Some would say that racism pervedes every aspect of New Zealand culture. But nowhere is it more important to be aware of racial prejudices than in the education section.
On Friday, Pat Snedden (chair of the Manaiakalani Education Trust) delivered a kōrero that required us to consider racism in New Zealand. He began by recounting the efforts taken by Ngāti Whātua to reclaim the land that had been wrongfully taken from them. It took great effort on the part of Ngāti Whātua, but they rose from occupying a tiny amount of land in the 50’s to reclaim their land and becoming one of the most successful iwi in New Zealand.
This reminded us of the racism that has occurred in this country and the relevance that this has to us as educators. We cannot allow racism to present itself in our hidden curriculum and we must speak out about such matters. It is so important for our learners to feel empowered and proud to be who they are. There is still much to be done to ensure that the treaty is honoured and equality is reached.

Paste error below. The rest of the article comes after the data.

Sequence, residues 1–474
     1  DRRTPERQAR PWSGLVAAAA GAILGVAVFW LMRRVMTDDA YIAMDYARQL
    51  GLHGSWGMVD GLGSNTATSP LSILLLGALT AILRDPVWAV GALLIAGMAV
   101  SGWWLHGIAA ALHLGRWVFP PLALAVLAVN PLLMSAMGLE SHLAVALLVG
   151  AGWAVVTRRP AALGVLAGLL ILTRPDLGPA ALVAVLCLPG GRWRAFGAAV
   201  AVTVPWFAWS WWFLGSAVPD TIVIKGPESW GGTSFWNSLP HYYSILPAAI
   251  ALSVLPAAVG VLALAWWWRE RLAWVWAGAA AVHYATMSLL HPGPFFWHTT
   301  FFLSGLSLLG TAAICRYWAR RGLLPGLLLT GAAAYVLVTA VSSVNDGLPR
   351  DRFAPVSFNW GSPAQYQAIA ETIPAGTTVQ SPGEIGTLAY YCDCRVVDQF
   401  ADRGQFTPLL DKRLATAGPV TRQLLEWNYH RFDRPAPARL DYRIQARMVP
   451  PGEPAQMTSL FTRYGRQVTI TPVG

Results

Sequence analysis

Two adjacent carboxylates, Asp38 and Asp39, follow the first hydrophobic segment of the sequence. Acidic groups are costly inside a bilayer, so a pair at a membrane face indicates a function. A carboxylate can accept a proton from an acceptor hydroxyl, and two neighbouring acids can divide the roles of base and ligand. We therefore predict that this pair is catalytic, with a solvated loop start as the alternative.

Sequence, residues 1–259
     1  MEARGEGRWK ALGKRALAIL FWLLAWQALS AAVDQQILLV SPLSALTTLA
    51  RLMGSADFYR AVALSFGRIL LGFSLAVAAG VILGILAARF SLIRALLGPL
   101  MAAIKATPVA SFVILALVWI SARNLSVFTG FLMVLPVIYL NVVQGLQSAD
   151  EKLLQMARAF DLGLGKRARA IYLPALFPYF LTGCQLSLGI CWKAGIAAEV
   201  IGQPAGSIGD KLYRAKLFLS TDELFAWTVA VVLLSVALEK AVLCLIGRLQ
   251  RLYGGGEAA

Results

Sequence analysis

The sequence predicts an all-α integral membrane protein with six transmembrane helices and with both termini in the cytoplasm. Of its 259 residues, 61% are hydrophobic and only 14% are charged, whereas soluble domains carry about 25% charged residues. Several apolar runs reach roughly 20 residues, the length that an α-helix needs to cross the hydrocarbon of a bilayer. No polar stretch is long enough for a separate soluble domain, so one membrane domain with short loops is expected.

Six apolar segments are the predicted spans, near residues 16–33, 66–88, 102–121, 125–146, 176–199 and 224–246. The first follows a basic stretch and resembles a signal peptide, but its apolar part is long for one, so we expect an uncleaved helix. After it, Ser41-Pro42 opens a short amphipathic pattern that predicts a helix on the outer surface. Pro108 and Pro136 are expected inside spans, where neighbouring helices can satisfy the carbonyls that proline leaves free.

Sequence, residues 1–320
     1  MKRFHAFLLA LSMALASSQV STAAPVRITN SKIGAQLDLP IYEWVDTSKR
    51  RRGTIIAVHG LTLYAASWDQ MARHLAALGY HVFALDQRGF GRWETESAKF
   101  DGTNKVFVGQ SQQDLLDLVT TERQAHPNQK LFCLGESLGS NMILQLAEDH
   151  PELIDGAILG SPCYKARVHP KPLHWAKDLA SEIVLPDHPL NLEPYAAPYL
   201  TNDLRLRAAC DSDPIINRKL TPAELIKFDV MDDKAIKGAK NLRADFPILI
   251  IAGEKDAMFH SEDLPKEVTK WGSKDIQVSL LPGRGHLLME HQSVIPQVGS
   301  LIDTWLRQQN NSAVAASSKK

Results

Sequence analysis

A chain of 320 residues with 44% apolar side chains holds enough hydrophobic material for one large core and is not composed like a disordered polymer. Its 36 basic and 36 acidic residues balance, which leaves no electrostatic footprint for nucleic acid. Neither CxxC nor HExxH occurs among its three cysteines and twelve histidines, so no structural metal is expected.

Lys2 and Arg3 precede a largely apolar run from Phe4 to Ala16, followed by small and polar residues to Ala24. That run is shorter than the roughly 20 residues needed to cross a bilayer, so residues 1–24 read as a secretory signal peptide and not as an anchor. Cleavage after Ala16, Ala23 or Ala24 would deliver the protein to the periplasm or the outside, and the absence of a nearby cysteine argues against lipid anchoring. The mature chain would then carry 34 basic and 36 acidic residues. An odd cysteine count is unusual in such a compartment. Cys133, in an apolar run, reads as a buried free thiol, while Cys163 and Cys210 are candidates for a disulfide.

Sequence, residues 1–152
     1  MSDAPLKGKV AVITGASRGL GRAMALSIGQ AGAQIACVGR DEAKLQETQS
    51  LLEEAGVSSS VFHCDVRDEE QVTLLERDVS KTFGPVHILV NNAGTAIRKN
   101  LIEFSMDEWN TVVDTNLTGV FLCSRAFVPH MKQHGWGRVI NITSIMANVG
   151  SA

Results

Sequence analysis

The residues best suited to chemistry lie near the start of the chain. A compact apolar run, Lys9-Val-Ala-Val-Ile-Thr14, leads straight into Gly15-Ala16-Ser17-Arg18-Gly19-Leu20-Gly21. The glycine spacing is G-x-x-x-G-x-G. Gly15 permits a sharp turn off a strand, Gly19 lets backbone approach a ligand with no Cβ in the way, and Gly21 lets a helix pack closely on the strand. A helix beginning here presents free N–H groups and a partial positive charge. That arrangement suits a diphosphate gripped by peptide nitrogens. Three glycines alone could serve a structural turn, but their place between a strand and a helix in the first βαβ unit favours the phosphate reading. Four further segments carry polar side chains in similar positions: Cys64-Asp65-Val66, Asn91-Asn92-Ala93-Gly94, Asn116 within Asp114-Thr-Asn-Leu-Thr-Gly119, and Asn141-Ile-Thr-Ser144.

Pat then directed the discussion back to us and the role of Manaiakalani. So many are willing to accept the underachievement of Māori and Pasifika children, presenting a perspective of pity and hopelessness - in some ways, worse than mere apathy.
Our Manaiakalani Forebears had the courage to challenge this view and to attempt to make a change. It is now up to us and those working alongside us to carry forth this vision, to empower our tamariki. Our success will be created by us working together with a common goal: the empowerment and achievement of our children.